Bus company ‘turns back clock on wheelchair access’

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A bus company has turned back the clock on access by introducing new buses that will make it harder for wheelchair-users to use public transport, says a leading disabled campaigner.

Lothian Buses took the decision to ban non-folding buggies from its vehicles in 2008 so the accessible spaces could be used by wheelchair-users, which it said at the time was a reasonable adjustment under the Disability Discrimination Act.

It scrapped the ban four years later – following years of protests from parents – after introducing more than 250 new buses with dedicated spaces for both buggies and wheelchairs, although passengers with buggies still had to vacate spaces for wheelchair-users if required.

But the company, which provides services to Edinburgh and the surrounding areas, has now announced that it will be introducing new double-decker buses, with extra capacity, audio-visual announcements, wi-fi and high-backed seating.

But the new buses will only have one accessible space, with no separate area for buggies.

Campaigners and politicians have warned that the new vehicles risk shutting both disabled people and parents with young children out of central Edinburgh.

Transport access campaigner Doug Paulley (pictured), who himself secured a Supreme Court victory over another bus company’s failure to ensure the rights of wheelchair-users to use its services, said he was “very concerned about the change in Lothian’s attitude and approach”.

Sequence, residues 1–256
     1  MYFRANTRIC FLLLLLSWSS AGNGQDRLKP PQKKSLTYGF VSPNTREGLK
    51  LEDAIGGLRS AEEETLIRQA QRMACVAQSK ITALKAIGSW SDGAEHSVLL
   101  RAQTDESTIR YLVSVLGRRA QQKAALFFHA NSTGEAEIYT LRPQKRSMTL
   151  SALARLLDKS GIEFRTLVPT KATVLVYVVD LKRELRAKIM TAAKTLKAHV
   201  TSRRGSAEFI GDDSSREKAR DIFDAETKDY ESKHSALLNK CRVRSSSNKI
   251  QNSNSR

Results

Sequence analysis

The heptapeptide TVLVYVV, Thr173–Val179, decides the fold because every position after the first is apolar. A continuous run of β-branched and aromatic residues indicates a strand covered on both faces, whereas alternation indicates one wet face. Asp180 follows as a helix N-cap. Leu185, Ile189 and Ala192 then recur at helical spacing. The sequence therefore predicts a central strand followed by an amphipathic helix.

He said: “They know there is a known severe problem of conflict for the wheelchair space, as evidenced by their previous policy and the parents’ campaign.

“They’ve gone from a bastion of good accessibility practice which I and others held up to recalcitrant organisations, to a lazy position of reinstating conditions causing such conflict, without thinking the issues through.

“Disabled people will suffer as a result: all the repeated and known problems of conflict with non-wheelchair users, and the lock-on confidence problems, conflict and unpleasantness this engenders. All of which is totally unnecessary. They are going backwards.

“Their lack of knowledge, care and competence is demonstrated succinctly by their claim that the buses are ‘DDA compliant’ when the Disability Discrimination Act hasn’t existed for eight years and when they have previously acknowledged that a vehicle’s physical compliance with the accessibility regulations is not enough on its own to ensure wheelchair users have reliable and hassle-free access to buses.”

Lothian Buses had failed to comment by 10 am this morning (Thursday).

 

 

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